At wide receiver everyone is apparently in love with Michael Crabtree of Texas Tech. What is not to like? He is 6-3 and 214 pounds and fast as the wind. He has amazing numbers and he is expected to come out as a third-year sophomore. The question on him is whether he is a product of the freaky Texas Tech system and whether he can translate to NFL systems. (Again, only seen him play one quarter so somebody please comment if you've seen him extensively.)

Others that demand attention are Jeremy Maclin of Missouri who is 6-1 and 200 pounds, Darrius Heyward-Bey of Maryland who is 6-3 and 206 pounds, and seniors Brandon Tate of North Carolina, who is 6-1 and 195 pounds, and Brian Robiskie of Ohio State, who is 6-3 and 199 pounds.

Tate is done for this season after he underwent surgery to repair his ACL and MCL. But he is expected to be ready by next season and the surgery only means he'll be available later in the first round and likely the second or third. By the way, Robiskie is the son of former Miami assistant Terry Robiskie.

Also: I know Florida faithful will shout from the rooftops that Percy Harvin deserves mention here as a top receiver prospect. But the guy has had some injury issues this year, is not a big guy per se at 5-11 and 195 pounds, and I just don't like Urban Meyer. So there.

As you obviously saw last Sunday against Baltimore, the Dolphins are hanging by a thread at nose tackle. Jason Ferguson is great as long as he's healthy. But he wasn't healthy last year, he's battling an oblique injury now and he'll be 34 years old in November. Miami needs help there.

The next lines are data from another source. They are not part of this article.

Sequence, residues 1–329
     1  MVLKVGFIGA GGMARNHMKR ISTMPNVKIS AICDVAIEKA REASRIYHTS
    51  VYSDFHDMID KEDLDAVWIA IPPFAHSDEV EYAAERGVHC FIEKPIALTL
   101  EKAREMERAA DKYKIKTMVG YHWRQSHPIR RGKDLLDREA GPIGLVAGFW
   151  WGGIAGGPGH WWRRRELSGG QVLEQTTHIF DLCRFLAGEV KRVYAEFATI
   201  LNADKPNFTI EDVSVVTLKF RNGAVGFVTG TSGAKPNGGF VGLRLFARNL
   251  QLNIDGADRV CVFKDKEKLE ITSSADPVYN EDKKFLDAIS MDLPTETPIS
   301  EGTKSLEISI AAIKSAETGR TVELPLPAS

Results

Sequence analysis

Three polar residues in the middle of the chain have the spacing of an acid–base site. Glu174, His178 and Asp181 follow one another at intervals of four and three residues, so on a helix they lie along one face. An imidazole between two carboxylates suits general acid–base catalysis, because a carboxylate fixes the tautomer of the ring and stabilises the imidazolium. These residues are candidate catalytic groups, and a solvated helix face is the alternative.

And I don't see a ton of help available in the draft.

Several of these guys I'm about to mention are not prototypical nose tackles so the Dolphins will have to do a better job with, you know, actual scouts and film study than what I did by making two phone calls and going on the Internet.

But here are some early names I've uncovered:

The guy that stands out the most is Alabama's Terrence Cody, who is a freakin' giant of a man at 6-5 and 360 pounds. Alabama coach Nick Saban (yeah, that Nick Saban) has talked Cody's need to stay in shape because the guy apparently likes to eat.

But if Cody is a big eater he also feasts on running backs. When Cody was injured and missed most of the second half against Mississippi last week with a knee injury, the Rebels gained 158 yards in that half, or 66 yards more than any of Alabama's other opponents had managed in an entire game.

So it is fair to say Cody stands out.

Two guys that also stand out to me are BJ Raji of Boston College and Terrance Taylor of Michigan. Raji is a fire hydrant at 6-1 and 323 pounds while Taylor is not far behind at a compact 6-foot and 319 pounds. Neither is prototypical, but I think the Dolphins must consider their production as well as size.

Sen'Derrick Marks of Auburn is 6-1 and 288 which seems kind of smallish to me, but he is perhaps the most athletic man of this bunch. The guy dunks while taking off from the foul line. Geno Atkins of Georgia, who is 6-1 and 290 pounds should also be considered a possibility. He is also from South Florida.

There you have it. The first draft update of the season comes six games in. I think that is a record.